7 Replies Latest reply on Oct 4, 2018 8:27 AM by Joe Oppelt

# Assigning a month to 12 columns to plot against time

I'm importing 1 row per id 12 columns each representing the same variable at different months using SQL and I'm having trouble trying to figure out how to assign a month to each column.. Is there any way to do this?

My data before was 12 rows per id and this allowed me to track the variable across time very easily but made it difficult to show percentages and changes on the id level. Or was my dataset the way it was before the only way to do this?

• ###### 1. Re: Assigning a month to 12 columns to plot against time

Stick with 12 rows.

You can get a total across those 12 rows doing something like this:

{ FIXED [ID] : SUM([Sales]) }

This will add up [Sales] for all 12 rows for each [ID].  You can do your percentage math using that calc.

• ###### 2. Re: Assigning a month to 12 columns to plot against time

Alright, do you think you could provide an example of calculating the percent change over a month?

• ###### 3. Re: Assigning a month to 12 columns to plot against time

Do you want to do all sales from Month-A to Month-B?  Or sales from month-A to Month-B within each ID.

Upload a sample workbook.  I'll show you how to do both.

• ###### 4. Re: Assigning a month to 12 columns to plot against time

So I'm looking for the percent change from one grouping to another. The grouping is determined by the monthly sales value and is labelled 'LOW','MED' or 'HIGH'. I'm trying to find the percentages of movement from say 'LOW' to 'MED', 'MED' to 'HIGH', 'HIGH' to 'HIGH' etc..

I was able to easily make two calculated fields on two sales columns when all of my sales data was in columns by month, but I dont know how to track the movement of the sales numbers from one group to the next anymore.

I can't seem to find a way to attach a sample book..  so here's a google drive link: SampleBook.twbx - Google Drive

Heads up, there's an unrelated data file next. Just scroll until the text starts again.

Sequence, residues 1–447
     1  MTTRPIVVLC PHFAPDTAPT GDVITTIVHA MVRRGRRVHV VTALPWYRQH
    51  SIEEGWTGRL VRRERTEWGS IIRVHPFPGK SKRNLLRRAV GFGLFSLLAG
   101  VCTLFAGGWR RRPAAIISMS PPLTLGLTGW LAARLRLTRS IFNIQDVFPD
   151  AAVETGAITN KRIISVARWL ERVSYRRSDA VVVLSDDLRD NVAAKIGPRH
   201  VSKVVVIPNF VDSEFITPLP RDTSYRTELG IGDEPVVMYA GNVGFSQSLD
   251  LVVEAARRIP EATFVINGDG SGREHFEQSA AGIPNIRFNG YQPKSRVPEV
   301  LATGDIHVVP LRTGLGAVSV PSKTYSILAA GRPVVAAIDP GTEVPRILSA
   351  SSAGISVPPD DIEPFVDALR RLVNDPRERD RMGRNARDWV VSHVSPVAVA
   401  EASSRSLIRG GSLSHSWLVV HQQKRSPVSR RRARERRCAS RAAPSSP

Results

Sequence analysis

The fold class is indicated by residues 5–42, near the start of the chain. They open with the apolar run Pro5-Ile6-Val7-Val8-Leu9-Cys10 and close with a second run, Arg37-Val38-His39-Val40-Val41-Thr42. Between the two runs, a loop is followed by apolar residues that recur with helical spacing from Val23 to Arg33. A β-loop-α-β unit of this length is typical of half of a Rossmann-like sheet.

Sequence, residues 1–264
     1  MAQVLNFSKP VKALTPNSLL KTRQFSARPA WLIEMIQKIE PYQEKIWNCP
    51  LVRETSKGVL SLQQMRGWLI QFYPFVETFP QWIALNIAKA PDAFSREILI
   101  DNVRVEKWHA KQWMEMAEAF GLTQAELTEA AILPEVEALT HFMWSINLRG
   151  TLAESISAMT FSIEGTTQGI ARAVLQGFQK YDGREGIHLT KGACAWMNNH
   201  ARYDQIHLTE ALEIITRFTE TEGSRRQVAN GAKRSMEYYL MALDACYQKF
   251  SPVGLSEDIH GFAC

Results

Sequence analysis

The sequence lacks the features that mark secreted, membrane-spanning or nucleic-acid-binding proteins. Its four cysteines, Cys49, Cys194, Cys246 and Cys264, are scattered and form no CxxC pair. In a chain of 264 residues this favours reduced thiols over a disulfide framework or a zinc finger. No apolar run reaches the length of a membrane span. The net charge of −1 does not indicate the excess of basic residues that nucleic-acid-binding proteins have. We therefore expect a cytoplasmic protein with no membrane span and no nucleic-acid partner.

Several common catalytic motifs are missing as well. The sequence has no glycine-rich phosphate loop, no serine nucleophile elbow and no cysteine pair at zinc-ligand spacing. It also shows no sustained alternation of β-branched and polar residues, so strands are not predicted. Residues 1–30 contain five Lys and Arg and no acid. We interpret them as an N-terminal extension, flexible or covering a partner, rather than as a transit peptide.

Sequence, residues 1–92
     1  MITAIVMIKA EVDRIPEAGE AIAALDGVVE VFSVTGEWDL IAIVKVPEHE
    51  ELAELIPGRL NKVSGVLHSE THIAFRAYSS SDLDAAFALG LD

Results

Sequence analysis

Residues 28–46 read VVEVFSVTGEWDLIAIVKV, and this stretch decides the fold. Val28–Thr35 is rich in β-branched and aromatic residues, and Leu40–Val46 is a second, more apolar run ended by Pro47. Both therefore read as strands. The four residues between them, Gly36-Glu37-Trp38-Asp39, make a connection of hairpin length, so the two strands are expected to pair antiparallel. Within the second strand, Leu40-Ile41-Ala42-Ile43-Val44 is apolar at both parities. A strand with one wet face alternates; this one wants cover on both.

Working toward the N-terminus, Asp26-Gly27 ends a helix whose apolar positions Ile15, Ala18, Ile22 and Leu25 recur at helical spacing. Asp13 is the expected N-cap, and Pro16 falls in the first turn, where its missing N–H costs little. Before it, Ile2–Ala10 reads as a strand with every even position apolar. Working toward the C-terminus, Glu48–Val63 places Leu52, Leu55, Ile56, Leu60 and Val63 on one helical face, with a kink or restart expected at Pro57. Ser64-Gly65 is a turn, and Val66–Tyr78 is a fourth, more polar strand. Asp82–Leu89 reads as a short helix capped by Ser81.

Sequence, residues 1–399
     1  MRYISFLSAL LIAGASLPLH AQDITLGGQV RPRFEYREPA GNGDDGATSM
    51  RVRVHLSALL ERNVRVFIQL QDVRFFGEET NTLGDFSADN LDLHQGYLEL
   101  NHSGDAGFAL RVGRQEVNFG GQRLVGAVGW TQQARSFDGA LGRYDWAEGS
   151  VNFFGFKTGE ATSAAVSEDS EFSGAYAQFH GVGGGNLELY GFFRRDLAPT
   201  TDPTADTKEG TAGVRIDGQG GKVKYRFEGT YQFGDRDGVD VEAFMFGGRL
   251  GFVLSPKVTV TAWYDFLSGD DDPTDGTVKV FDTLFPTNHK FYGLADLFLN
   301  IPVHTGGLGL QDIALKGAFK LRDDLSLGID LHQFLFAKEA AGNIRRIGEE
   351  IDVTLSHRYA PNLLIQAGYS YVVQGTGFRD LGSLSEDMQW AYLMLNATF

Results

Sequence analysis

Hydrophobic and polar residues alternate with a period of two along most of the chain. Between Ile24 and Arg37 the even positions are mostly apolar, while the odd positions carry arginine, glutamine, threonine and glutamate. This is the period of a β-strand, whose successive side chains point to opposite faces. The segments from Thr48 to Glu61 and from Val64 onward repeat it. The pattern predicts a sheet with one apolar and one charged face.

• ###### 5. Re: Assigning a month to 12 columns to plot against time

I got your workbook, and I added sum(sales) to the sheet.  It looks like this:

Not all groupings are represented on each month.  Only one group exists in January, so I assume you want no number there.

February has no MED.  Do you want a percent change from High to Low there?  Or do you have to have Medium to compare against High?

You said:

...I'm trying to find the percentages of movement from say 'LOW' to 'MED', 'MED' to 'HIGH', 'HIGH' to 'HIGH' etc..

What does HIGH to HIGH mean?  Are you actually moving from month to month, rather than from grouping to grouping?

• ###### 6. Re: Assigning a month to 12 columns to plot against time

What does HIGH to HIGH mean? Are you actually moving from month to month, rather than from grouping to grouping?

HIGH to HIGH as in what percentage of the accounts that were in the HIGH grouping last month are in the HIGH grouping this month. Essentially a transition matrix like the one above showing the movement of the accounts to different different groupings on a monthly basis.

For e.g the 86% in the above "Markov Chain Transition Matrix Bar" refers to the fact that 86% of the IDs that were in grouping 1 last month are in grouping 1 this month.

February has no MED. Do you want a percent change from High to Low there? Or do you have to have Medium to compare against High?

Its not necessary, the data I'm working with will be large enough to make sure that doesn't happen.

Thanks for your help,

• ###### 7. Re: Assigning a month to 12 columns to plot against time

In the attached I added two calcs.  (Both are identical in syntax, but the table calc settings are different for each.)

[%Growth in Group] cycles through each group, and within each group it cycles through the months.  It restarts with every Group.

[%Growth in month] cycles in the opposite order and restarts every month.

I think this is what you are looking to do.

For the record, the easiest way to code up a %Difference calc is to do a quick table calc for %Difference and then just drag that pill into the calc editor to make your own version of it.  Tableau expands the underlying syntax from the quick table calc into your editor.